Like Surface Plasmon Resonance, Waveguide Interferometry also measures changes in refractive index at a sensor surface. However, in contrast to traditional Surface Plasmon Resonance, the light in Waveguide Interferometry can travel through the entire length of the sample. This allows more binding events to contribute to the overall signal, giving Waveguide Interferometry an intrinsically higher primary sensitivity for label-free interaction analysis, especially when paired with an interferometric readout to translate the phase change of the waveguide mode into an intensity pattern. A further advantage of Waveguide Interferometry over Surface Plasmon Resonance is that the evanescent field penetrates less deep into the sample, minimizing the disturbance caused by bulk refractive index changes and increasing the signal-to-noise ratio.

Molecular interactions are detected as changes in refractive index within an evanescent field (orange) causing a phase shift of the beam in the waveguide and hence an interference to a reference beam projected in parallel to a screen.

How is Grating-Coupled Interferometry (GCI) different from Bio-Layer Interferometry (BLI)?
Although both Grating-Coupled Interferometry (GCI) and Bio-Layer Interferometry (BLI) work by using interference to measure refractive index changes on a thin layer above the surface of the sensor, they are two completely different technologies. GCI, the technology used in the Creoptix WAVEsystem, measures the effect of refractive index changes on an evanescent wave generated by the light passing through the waveguide in the sensor. These refractive index changes affect the phase of the light traveling through the waveguide, and interference with a reference light beam (hence interferometry) is needed to measure the phase change reliably and precisely. In contrast, BLI analyzes the interference pattern of white light reflected from two surfaces: a layer of protein immobilized on the biosensor tip, and an internal reference layer. Any change in the number of molecules bound to the biosensor tip can cause a shift in the interference pattern that may be measured in real-time as an increase in optical thickness at the biosensor tip; this results in a wavelength shift in the interference pattern.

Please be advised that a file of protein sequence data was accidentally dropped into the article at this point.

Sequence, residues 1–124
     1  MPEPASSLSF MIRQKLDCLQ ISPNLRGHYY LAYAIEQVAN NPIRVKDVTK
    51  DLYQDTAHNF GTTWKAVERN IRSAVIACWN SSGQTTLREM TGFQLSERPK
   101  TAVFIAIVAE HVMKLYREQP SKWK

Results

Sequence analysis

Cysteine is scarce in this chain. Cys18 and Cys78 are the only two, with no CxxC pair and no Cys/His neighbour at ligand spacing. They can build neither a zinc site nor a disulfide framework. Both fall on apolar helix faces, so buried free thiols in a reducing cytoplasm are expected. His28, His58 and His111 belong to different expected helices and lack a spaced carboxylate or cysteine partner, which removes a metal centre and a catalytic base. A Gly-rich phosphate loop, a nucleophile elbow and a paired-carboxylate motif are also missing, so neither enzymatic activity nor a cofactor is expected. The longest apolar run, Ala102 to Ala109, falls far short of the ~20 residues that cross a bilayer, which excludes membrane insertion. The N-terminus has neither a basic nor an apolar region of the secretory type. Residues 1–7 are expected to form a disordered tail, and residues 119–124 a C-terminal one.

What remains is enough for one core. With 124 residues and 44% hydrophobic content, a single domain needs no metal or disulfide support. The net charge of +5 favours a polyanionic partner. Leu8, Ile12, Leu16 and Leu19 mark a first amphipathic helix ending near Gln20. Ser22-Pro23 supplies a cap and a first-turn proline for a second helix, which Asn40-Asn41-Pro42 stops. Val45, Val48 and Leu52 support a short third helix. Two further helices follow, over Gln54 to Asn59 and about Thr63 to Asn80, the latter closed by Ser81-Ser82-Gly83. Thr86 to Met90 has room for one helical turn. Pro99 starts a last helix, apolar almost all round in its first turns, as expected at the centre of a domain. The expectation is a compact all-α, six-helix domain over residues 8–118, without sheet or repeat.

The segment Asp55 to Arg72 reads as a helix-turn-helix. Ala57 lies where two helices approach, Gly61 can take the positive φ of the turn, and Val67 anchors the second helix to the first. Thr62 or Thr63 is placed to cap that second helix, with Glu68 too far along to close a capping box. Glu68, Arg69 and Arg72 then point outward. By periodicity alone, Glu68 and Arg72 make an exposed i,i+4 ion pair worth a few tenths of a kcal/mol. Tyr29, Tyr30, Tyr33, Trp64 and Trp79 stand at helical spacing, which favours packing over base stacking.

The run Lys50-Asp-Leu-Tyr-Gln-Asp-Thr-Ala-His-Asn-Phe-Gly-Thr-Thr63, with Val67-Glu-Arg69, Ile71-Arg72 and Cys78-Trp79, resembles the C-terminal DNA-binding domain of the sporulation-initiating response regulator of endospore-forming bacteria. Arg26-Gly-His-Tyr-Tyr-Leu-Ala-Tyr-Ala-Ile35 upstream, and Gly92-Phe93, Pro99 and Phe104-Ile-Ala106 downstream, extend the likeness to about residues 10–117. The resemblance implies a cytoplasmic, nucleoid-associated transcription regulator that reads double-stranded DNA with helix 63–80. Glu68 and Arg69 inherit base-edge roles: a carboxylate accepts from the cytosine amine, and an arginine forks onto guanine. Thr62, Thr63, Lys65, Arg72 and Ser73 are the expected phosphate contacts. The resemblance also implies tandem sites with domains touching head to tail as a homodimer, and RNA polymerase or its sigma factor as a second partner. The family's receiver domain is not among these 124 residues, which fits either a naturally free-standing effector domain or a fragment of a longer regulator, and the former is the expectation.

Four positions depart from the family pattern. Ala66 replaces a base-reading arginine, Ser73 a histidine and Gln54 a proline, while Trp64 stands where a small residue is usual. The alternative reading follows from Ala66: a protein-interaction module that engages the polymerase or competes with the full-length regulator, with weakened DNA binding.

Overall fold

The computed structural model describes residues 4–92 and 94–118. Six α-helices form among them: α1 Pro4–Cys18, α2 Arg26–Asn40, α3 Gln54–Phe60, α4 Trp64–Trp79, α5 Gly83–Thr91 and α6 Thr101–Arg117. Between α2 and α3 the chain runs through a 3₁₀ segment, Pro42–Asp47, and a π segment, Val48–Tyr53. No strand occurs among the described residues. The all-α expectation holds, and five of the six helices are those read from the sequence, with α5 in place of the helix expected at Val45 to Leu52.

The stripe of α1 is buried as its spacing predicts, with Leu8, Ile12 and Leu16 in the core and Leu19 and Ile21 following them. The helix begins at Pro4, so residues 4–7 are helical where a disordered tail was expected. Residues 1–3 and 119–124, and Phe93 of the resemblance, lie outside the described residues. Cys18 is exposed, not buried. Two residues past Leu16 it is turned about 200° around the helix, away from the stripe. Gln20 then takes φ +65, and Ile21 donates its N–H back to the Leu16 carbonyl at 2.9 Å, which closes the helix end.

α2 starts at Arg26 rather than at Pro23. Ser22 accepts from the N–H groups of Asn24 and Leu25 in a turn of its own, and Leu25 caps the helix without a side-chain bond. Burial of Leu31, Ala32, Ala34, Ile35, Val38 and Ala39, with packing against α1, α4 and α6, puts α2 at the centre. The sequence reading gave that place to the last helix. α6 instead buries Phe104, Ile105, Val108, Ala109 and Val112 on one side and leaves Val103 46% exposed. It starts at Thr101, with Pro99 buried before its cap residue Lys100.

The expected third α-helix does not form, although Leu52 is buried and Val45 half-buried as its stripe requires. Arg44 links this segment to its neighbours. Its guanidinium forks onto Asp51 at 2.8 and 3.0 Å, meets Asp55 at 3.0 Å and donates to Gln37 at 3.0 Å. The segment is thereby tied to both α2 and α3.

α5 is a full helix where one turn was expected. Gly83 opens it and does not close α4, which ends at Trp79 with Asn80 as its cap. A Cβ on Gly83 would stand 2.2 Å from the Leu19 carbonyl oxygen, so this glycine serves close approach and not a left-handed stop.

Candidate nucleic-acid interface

Can Grating-Coupled Interferometry (GCI) detect conformational changes?
Hypothetically, the Creoptix WAVEsystem can detect conformational changes, provided those conformational changes make sufficient contribution to a change in the refractive index. The WAVEcontrol software also supports suitable interaction models which account for conformational changes. Despite this, conformational changes are difficult to infer purely based on either Creoptix WAVE kinetic data or SPR data. This is because conformational changes are seldom a one-step process, meaning models that would perfectly fit the kinetic data would be far too complicated to be fully trusted. Additionally, conformational changes might generate unexpected responses (e.g. negative curves) due to the surface reorganization, which could prove extremely difficult to analyze and quantify consistently. We recommend performing orthogonal validation of any suspected conformational changes and ensuring that kinetic analysis is as simple as possible, for instance by analyzing kinetic differences between functional mutants.
Are the ligand capture and immobilization techniques used for SPR/BLI also suitable for GCI?
Yes, standard immobilization techniques such as amine-coupling, Ni-NTA capture and streptavidin-biotin capture are also available for the Creoptix WAVEsystem on polycarboxylate surfaces; dextran surfaces can be supplied on request. Additionally, there is a wide range of other immobilization methods, including lipidic interactions or Protein A/G capture. An overview of the available surfaces (WAVEchips®) can be found here.